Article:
Luminescence-based detection of genetically modified Erwinia carotovora subspecies carotovora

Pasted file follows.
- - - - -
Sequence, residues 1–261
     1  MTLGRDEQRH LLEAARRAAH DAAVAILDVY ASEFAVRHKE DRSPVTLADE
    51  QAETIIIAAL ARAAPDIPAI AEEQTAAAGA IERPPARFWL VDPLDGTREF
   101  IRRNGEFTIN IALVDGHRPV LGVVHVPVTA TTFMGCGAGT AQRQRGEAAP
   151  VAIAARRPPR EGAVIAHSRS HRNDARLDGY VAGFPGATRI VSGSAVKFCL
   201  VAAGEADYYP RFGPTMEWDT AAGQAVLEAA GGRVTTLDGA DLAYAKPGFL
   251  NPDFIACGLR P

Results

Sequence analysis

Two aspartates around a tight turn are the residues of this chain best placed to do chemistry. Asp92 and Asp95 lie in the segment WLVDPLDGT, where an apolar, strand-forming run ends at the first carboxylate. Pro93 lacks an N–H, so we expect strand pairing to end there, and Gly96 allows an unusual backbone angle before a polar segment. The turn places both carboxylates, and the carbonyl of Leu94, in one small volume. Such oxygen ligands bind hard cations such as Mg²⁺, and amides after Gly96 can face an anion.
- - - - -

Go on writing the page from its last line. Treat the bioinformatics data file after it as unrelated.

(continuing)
Methods currently under evaluation for detecting and enumerating genetically modified microorganisms in the environment include culturing methods, direct microscopic detection and nucleic acid hybridisation techniques. The aim of this project was to develop a luminescence-based detection and enumeration system for genetically modified Erwinia carotovora subspecies carotovora in soil. Plasmid vectors encoding the genes for luciferase from Vibrio fischeri were introduced into E.carotovora subsp. carotovora using recombinant DNA techniques. Light output, determined by luminometry, from luminescent strains of E.carotovora subsp. carotovora, constitutively expressing the luciferase genes, was used for specific estimation of bacterial biomass during growth, both in liquid culture and in soil. In liquid culture, the lower detection limit was approximately 102 cfu ml-1. For exponentially growing cells inoculated into soil, the sensitivity was reduced. When light output was measured directly from 1g of soil, the lower detection limit was aproximately 106 cfu g soil-1, while recording light from a soil suspension increased the sensitivity to 104 cfu g soil-1. However, luminometry was only of value for enumerating growing cultures of E.carotovora subsp. carotovora as light output per cell declined when growth ceased. Light output from luminescent strains of E.carotovora subsp. carotovora, in both liquid culture and following inoculation into soil was correlated with microbial activity, measured by the dehydrogenase assay. Compared to conventional activity assays which measure the net activity of the total soil population, the bioluminescence reporter system enabled the activity of the marked population to be determined. In addition, the assay was non-invasive, non-destructive and rapid, with microbial activity determined within 5 min of sampling. Luminescent strains of E.carotovora subsp. carotovora were enumerated within a background soil population, in the absence of selection, by detecting luminescent colonies after plating onto solid medium. Detection was possible when luminescence-marked organisms were outnumbered by the indigenous soil population, although the efficiency of quantitative detection decreased significantly with decreasing population size. Luminescence-based marker techniques possess all the advantages of other molecular-based marker systems. Detection of marked cells is possible by hybridisation with nucleic acid probes and dilution plate counting is also possible through visible luminescence of colonies. In addition, luminometry provides a sensitive, rapid, non-extractive technique for the measurement of the microbial activity of the marked strain.